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"Our results support the critical importance of immune responses for both preventing infection as well as ameliorating disease caused by the Zika virus," said lead researcher David Weiner. He is executive vice president and director of the Vaccine Center at The Wistar Institute in Philadelphia.
"As the threat of Zika continues, these results provide insight into a new aspect of the possibly protective ability of such a vaccine as a preventative approach for Zika infection," Weiner added in an institute news release.
Therapies that look promising in animals often don't work in humans. However, the vaccine is being tested in two human clinical trials, with results from one study expected to be reported by year's end, the study authors noted.
Zika virus produces a relatively mild infection in adults, with only one in every five people showing any symptoms at all, according to the U.S. National Institutes of Health.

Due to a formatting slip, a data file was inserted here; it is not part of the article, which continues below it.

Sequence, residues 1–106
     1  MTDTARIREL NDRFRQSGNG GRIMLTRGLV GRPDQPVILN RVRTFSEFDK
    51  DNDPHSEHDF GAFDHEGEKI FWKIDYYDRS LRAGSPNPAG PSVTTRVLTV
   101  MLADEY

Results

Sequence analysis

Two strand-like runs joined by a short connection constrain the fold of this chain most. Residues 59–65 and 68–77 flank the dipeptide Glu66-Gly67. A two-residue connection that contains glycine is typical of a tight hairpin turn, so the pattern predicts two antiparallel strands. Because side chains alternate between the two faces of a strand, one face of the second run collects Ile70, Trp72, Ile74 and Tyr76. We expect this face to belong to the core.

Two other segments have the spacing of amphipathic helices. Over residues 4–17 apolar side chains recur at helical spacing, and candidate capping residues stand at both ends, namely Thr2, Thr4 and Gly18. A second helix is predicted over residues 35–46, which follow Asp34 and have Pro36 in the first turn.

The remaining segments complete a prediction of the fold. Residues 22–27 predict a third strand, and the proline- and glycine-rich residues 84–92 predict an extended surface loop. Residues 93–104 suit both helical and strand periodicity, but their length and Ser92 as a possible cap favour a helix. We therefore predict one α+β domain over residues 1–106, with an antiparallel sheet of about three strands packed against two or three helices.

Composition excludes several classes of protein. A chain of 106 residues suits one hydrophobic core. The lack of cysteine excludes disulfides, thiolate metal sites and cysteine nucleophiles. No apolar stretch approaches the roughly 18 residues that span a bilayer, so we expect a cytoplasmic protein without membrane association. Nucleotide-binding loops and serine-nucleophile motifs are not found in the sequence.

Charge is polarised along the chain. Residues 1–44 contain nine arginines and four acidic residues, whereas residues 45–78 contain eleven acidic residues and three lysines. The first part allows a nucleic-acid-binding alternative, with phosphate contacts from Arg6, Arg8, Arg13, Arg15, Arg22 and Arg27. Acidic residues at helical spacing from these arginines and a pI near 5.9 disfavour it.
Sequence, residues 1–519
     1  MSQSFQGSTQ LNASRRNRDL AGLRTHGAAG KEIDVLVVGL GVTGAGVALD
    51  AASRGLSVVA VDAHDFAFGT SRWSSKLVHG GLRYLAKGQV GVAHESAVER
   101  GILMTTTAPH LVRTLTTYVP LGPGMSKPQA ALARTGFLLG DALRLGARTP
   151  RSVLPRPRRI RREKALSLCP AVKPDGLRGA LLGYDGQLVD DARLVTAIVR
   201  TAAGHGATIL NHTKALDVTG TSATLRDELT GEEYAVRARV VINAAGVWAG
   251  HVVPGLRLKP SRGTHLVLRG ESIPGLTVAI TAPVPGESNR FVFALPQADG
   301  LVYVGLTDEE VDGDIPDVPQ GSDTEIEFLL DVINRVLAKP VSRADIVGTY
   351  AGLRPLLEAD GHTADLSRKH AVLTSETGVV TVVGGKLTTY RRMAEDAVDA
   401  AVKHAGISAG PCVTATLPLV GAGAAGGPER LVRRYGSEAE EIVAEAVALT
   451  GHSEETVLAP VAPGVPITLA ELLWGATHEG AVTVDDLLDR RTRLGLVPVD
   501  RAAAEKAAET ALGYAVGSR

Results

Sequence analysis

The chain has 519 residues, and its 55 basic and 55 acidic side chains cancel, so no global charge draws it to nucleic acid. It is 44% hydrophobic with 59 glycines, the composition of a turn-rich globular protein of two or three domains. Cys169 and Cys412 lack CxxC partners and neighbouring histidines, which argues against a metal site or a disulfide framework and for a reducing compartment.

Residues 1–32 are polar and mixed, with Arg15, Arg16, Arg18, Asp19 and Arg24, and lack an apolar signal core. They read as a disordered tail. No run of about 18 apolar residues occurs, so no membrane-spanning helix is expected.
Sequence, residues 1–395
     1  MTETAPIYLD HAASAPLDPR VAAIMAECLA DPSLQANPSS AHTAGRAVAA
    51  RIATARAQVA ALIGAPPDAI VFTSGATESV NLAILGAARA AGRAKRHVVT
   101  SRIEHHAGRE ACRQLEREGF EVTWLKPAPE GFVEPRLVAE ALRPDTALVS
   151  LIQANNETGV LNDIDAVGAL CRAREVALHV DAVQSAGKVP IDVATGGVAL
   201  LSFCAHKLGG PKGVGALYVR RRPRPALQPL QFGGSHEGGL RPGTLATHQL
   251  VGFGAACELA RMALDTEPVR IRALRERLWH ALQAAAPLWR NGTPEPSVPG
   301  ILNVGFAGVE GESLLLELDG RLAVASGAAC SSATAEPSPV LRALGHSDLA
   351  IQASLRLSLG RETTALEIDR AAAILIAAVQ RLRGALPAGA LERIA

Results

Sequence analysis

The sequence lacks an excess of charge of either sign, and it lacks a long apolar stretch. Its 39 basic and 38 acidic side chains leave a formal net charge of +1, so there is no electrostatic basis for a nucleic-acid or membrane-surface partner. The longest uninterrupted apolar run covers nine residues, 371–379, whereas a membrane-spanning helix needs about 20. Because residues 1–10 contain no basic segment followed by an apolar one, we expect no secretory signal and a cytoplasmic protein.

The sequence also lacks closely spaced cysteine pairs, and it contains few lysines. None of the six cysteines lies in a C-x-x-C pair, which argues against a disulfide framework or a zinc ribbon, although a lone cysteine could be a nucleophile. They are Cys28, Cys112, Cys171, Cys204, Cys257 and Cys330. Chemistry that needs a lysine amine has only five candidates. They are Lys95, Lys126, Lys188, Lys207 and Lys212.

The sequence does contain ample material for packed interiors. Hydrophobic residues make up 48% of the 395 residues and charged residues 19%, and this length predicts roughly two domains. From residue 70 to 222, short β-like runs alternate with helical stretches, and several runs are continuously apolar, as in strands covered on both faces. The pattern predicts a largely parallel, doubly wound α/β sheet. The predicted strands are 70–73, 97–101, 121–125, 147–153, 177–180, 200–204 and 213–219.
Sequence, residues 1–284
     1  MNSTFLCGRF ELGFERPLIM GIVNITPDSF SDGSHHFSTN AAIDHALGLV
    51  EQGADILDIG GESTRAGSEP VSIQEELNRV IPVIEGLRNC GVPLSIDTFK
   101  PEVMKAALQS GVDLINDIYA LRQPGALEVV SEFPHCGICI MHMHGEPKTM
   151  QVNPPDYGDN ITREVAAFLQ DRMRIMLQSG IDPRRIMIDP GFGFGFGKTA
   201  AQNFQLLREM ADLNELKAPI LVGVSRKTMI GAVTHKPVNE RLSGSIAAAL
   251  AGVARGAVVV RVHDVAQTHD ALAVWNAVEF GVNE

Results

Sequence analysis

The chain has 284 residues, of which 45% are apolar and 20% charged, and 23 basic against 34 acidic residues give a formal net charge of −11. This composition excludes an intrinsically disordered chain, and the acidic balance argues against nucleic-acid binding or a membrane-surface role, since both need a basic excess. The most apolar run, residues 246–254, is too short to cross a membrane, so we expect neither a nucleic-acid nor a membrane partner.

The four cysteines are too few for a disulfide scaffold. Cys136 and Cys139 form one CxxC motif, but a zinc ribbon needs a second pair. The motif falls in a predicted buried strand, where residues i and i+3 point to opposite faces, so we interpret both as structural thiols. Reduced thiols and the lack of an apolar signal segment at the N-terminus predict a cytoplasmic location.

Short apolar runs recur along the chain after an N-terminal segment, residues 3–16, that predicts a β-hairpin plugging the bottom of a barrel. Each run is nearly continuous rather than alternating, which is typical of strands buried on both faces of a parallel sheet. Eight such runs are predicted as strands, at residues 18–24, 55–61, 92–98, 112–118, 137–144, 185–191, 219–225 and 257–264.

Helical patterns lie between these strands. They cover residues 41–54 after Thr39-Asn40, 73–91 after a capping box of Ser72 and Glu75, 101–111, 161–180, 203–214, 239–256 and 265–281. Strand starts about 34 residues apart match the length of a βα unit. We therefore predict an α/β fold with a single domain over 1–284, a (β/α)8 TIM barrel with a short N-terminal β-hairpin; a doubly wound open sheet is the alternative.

Instead, Zika poses the biggest health threat to the fetus. That's because the virus causes severe birth defects including microcephaly, where babies are born with too-small skulls and underdeveloped brains.
More than 2,000 children have been born with microcephaly or birth defects of the central nervous system in Brazil, the nexus of the Zika outbreak in South America, according to the World Health Organization.
More than 60 countries have reported mosquito-borne transmission of Zika virus.
And nearly 4,000 cases of Zika infection have been reported in the United States, according to the U.S. Centers for Disease Control and Prevention. Most are travel-associated, but more than 100 cases originated within the United States.
So far, there are no licensed vaccines or treatments for Zika, according to the researchers.
The study was published Nov. 10 in the journal npj Vaccines.
-- Robert Preidt
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